Also, I can’t neglect to mention that the Love God used to wear the Transgender symbol around his neck (at least, that’s what I believe it is from the picture; this is why you’re more than allowed to correct me, a quick Google search isn’t always reliable)- though that was sadly cut, too.
QUEER IN DISGUISE/UNDERTONES AND UNASHAMEDLY AWESOME
I’m not sorry, that’ one of my favourite things SNL ever did.
Perry the Platypus & Heinz Doofensmirtz - Phineas and Ferb
This one was suggested by 212pawprints after the fact! I didn’t even remember this, but in the episode It’s About Time, Perry and Doofenshmirtz act like a feuding couple on one of those day-time reality tv shows.
The Wikipedia calls it ‘possible homosexual subtext’, which is about the size of it.
I’m including it on the list not because it’s been confirmed, but because of how comfortably this show portrays it. The jokes in the situation don’t come from the fact that it’s two guys, it comes from the hilarious set-up of these two non-talking animals + Doofenshmirstz being guests on a talk-show of all things. Plus, it’s genuinely heart-warming to see Doof and Perry reunite at the end, and even though it was as nemeses, the loving way they act is enough to teach kids there isn’t anything wrong with two males sharing a deep connection.
Courage the Cowardly Dog was an extraordinary show for many reasons- not the least of which being that it was the first Cartoon Network show to portray a lesbian couple, in the episode The Mask.
Even for this show, The Mask is an especially dark episode; Bunny was forced into an abusive relationship with a dog (so, uh, if you’re going to check it, just make sure you’re okay to watch that sort of thing), and was thankfully saved from it, finally reuniting with Kitty at the end of the episode (they do use the words ‘best friends,’ but honestly, if you watch the episode it’s very explicit that they’re a lot more).
Gobber the Belch - How to Train Your Dragon 2
When Gobber mentioned there was a reason he never got married, it’s fairly easy to guess why- and yes, his voice actor confirmed it’s because he’s gay. Which is rad, because it’s another case where there aren’t any of the typical effeminate stereotypes present in his personality.
Though never confirmed, I still think Gobber might’ve been attracted to Stoic. The way he follows him into battle to protect him, the way he treats Hiccup like a son … I’m just saying, is all.
Lyra and Bon Bon - My Little Pony: Friendship is Magic
I’m so proud of this one, and it’s really cool who they got away with it. In their 100th episode extravaganza, MLP:FiM had an episode entirely dedicated to showing the lives of the background characters the fandom gave personalities and stories to. It was so over-the-top awesome I just-
Back on topic. One such pair the fandom has always seemed to unquestionably support is Lyra and Bon Bon. In the past, they’d been shown doing things around town together- on one occasion looking like they were having a date, on another like they were about to kiss.
But, of course, they were background ponies who rarely got any lines, so we couldn’t know for sure.
But the tricky thing with MLP- even more so than any of the others on this list- is it’s target audience. This is the kind of show they play after Dora the Explorer, so it’s not even on the same rating-level as Adventure Time or Gravity Falls. So, then, how’d they do it?
Well, it’s actually pretty cool. In the scenes they share in this episode, the two of them keep using the words “best friends” over and over again- an excessive amount, actually- while, at the same time, acting like they’re in a relationship (similar to how Kitty and Bunny were best friends). That way, no one can get mad when these two obviously queer ponies stare lovingly into each other’s eyes, because hey, they’re just friends (*wink* *wink*). It’s actually pretty brilliant!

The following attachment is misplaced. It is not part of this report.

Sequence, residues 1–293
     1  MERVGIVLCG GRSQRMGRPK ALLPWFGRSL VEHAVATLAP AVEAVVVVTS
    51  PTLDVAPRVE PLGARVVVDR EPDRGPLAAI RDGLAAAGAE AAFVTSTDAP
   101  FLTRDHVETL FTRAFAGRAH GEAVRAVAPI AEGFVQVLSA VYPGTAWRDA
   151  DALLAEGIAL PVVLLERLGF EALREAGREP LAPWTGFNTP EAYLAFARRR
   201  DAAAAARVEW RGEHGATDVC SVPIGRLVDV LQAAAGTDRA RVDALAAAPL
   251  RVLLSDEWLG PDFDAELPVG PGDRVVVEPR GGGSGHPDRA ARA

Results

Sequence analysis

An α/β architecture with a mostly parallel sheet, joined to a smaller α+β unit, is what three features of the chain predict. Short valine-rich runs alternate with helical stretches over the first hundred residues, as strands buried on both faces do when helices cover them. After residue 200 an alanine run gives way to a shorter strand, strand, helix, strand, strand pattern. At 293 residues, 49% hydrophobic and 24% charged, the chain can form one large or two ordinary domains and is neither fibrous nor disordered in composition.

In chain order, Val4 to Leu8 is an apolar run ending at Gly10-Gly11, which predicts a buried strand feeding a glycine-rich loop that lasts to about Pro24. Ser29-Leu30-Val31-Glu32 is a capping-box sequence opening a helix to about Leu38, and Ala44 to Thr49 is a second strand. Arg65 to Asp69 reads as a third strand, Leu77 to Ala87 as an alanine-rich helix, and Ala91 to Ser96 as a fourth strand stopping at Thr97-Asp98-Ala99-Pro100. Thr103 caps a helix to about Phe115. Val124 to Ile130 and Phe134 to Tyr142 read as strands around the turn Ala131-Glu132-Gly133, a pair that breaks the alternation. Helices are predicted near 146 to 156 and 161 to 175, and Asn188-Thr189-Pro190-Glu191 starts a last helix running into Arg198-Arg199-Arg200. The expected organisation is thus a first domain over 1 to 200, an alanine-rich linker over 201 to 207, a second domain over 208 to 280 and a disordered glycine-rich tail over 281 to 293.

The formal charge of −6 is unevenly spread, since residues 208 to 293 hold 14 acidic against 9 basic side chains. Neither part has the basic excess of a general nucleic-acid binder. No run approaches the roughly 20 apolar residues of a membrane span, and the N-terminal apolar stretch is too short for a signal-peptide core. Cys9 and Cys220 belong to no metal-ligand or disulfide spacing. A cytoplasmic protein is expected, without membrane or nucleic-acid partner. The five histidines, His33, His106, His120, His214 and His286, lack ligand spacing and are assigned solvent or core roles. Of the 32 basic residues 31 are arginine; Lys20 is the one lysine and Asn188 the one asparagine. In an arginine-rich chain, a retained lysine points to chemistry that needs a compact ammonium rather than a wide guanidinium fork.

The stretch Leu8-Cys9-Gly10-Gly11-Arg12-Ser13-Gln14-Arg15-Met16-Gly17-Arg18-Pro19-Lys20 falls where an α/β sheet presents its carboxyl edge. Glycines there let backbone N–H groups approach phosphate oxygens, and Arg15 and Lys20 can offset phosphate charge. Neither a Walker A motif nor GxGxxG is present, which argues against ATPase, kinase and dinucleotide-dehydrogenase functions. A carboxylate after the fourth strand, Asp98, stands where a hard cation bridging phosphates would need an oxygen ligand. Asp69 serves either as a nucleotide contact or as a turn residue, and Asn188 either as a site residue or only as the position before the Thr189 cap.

Princess Cookie - Adventure Time
Okay, so this one’s a little iffy, but it’s still so compelling that I couldn’t leave it off the list. Princess Cookie is one of those infamous episode of Adventure Time because of the way it handles what could be seen as the struggles of a transgender female or a transvestite (*Which, btw, are two totally different things, and shouldn’t be used interchangeably).
Damn, Adventure Time. I mean, damn.
The Crystal Gems - Steven Universe
There’s no way I’d leave Steven Universe out. How could I when there’s so much awesome to talk about?
First of all, the gems themselves. The gems are an alien race, and actually have been confirmed to have no sex at all. They chose their appearances, and it just so happens to look traditionally female. Rock on!
Ruby and Sapphire/Garnet - Steven Universe
THESE TWO ARE SO DAD-GUM PERFECT I CAN’T. But, since I have to:
Ruby and Sapphire are two characters whose love is undeniable. Whether they’re lesbian, bi, pan, or any number of other sexualities, we just know they’re two lovely gems who’s bond is stronger than, well, pretty much anything! Their fusion (when two gems combine into one being) is Garnet, a permanently fused badass. What’s not love?
Pearl - Steven Universe
Oh, my GOD, is she gay. Like, seriously.
Pearl is a character whosesexuality has slowly been defined over time. At first, it was reasonable for some fans to believe Pearl’s admiration of Rose was based more in friendship than attraction and longing, but as time in the series went on, we were given more and more conclusive evidence of Pearl’s unquenchable thirst until now, where it’s just silly to believe she’s anything but in love.
Stevonnie & Sadie and Lars - Steven Universe
Might as well talk about these three together!
Stevonnie is a fusion between Steven and his friend Connie, and because they’re human and both have sexes, this arguably makes Stevonnie the first intersex character in cartoon history! And they’re beautiful (I don’t remember if Stevonie’s preferred pronouns were ever defined)!
Secondly, Sadie and Lars are either Bi or Pan. In the past, they’ve been shown to sort of have a thing for each other, but when Stevonnie enters the doughnut shop, both of them are instantly pretty flustered, which is just awesome.
BMO - Adventure Time